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278
Experiments with Proof Plans for Induction
 Journal of Automated Reasoning
, 1992
"... The technique of proof plans, is explained. This technique is used to guide automatic inference in order to avoid a combinatorial explosion. Empirical research is described to test this technique in the domain of theorem proving by mathematical induction. Heuristics, adapted from the work of Boye ..."
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Cited by 94 (32 self)
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The technique of proof plans, is explained. This technique is used to guide automatic inference in order to avoid a combinatorial explosion. Empirical research is described to test this technique in the domain of theorem proving by mathematical induction. Heuristics, adapted from the work of Boyer and Moore, have been implemented as Prolog programs, called tactics, and used to guide an inductive proof checker, Oyster. These tactics have been partially specified in a metalogic, and the plan formation program, clam, has been used to reason with these specifications and form plans. These plans are then executed by running their associated tactics and, hence, performing an Oyster proof. Results are presented of the use of this technique on a number of standard theorems from the literature. Searching in the planning space is shown to be considerably cheaper than searching directly in Oyster's search space. The success rate on the standard theorems is high. Keywords Theorem prov...
A Categorical Programming Language
, 1987
"... A theory of data types and a programming language based on category theory are presented. Data types play a crucial role in programming. They enable us to write programs easily and elegantly. Various programming languages have been developed, each of which may use different kinds of data types. Ther ..."
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Cited by 67 (0 self)
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A theory of data types and a programming language based on category theory are presented. Data types play a crucial role in programming. They enable us to write programs easily and elegantly. Various programming languages have been developed, each of which may use different kinds of data types. Therefore, it becomes important to organize data types systematically so that we can understand the relationship between one data type and another and investigate future directions which lead us to discover exciting new data types. There have been several approaches to systematically organize data types: algebraic specification methods using algebras, domain theory using complete partially ordered sets and type theory using the connection between logics and data types. Here, we use category theory. Category theory has proved to be remarkably good at revealing the nature of mathematical objects, and we use it to understand the true nature of data types in programming.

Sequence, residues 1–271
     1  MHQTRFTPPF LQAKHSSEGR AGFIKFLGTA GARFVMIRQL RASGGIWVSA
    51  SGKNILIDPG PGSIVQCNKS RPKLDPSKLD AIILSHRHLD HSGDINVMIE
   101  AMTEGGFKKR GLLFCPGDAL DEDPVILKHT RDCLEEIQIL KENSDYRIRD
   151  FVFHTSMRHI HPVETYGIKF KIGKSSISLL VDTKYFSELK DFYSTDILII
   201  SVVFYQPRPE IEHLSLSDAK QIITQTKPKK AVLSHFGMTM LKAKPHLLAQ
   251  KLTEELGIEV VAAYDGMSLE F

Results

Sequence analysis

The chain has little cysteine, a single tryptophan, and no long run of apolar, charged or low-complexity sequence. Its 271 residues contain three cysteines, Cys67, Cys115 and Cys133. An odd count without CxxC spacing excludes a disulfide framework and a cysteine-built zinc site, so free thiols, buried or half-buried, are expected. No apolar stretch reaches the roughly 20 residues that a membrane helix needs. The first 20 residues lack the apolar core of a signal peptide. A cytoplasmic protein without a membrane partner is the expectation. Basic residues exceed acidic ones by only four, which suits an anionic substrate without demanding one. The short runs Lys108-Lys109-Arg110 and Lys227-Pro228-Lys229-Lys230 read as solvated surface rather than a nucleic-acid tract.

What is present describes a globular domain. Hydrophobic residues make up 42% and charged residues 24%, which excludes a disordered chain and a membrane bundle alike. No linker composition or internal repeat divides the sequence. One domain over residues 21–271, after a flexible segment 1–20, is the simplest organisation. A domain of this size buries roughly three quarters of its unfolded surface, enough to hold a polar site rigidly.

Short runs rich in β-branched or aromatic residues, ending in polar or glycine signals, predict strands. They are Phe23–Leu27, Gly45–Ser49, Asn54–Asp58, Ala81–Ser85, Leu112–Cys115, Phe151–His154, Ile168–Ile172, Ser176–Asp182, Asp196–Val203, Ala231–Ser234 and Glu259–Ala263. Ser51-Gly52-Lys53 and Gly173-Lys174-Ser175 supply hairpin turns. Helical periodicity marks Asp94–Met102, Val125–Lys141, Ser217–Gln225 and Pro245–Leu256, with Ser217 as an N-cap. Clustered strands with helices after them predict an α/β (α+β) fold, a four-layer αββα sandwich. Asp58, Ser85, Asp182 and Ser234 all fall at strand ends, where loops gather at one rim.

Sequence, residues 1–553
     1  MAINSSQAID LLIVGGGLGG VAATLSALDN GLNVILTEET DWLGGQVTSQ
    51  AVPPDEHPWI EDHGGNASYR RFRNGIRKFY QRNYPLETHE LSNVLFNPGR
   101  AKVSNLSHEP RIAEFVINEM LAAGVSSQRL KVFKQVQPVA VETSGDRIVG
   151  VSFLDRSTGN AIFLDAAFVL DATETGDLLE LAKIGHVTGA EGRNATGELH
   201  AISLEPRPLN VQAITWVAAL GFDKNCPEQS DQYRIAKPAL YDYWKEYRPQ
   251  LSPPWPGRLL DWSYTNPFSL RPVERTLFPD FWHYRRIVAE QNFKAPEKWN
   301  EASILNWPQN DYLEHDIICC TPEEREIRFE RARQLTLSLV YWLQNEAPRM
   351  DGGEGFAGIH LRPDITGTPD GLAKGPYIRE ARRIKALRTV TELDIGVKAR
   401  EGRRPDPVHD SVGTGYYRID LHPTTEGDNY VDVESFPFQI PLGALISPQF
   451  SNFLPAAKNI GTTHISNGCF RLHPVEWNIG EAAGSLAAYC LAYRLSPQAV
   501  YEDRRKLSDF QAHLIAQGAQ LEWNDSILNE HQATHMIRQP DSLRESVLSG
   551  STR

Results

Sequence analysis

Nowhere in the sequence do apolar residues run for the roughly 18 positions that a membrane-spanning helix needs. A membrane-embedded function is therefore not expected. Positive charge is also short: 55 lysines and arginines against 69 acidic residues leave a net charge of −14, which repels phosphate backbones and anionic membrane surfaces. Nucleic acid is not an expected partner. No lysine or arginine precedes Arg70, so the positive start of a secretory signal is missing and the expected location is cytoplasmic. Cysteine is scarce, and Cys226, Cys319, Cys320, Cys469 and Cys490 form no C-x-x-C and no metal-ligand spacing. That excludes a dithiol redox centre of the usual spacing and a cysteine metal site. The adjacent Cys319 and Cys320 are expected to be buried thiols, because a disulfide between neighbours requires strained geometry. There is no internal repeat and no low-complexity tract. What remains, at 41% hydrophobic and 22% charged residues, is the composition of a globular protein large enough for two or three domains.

Using Parameterized Signatures to Express Modular Structure
 POPL'96
, 1996
"... Module systems are a powerful, practical tool for managing the complexity of large software systems. Previous attempts to formulate a typetheoretic foundation for modular programming have been based on existential, dependent, or manifest types. These approaches can be distinguished by their use of ..."
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Cited by 66 (1 self)
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Module systems are a powerful, practical tool for managing the complexity of large software systems. Previous attempts to formulate a typetheoretic foundation for modular programming have been based on existential, dependent, or manifest types. These approaches can be distinguished by their use of different quantifiers to package the operations that a module exports together with appropriate implementation types. In each case, the underlying type theory is simple and elegant, but significant and sometimes complex extensions are needed to account for features that are im portant in practical systems, such as separate compilation and propagation of type information between modules. This paper presents a simple typetheoretic fi'amework for modular programming using parameterized signatmes. The use of quantifiers is treated as a necessary, but independent concern. Using familiar concepts of polymorphism, the resulting module system is easy to understaud and admits true separate compilation. It is also very powerful, supporting highorder, polymorphic, and firstclass modules without further extension.
Inductive Families
 Formal Aspects of Computing
, 1997
"... A general formulation of inductive and recursive definitions in MartinLof's type theory is presented. It extends Backhouse's `DoItYourself Type Theory' to include inductive definitions of families of sets and definitions of functions by recursion on the way elements of such sets ar ..."
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Cited by 66 (13 self)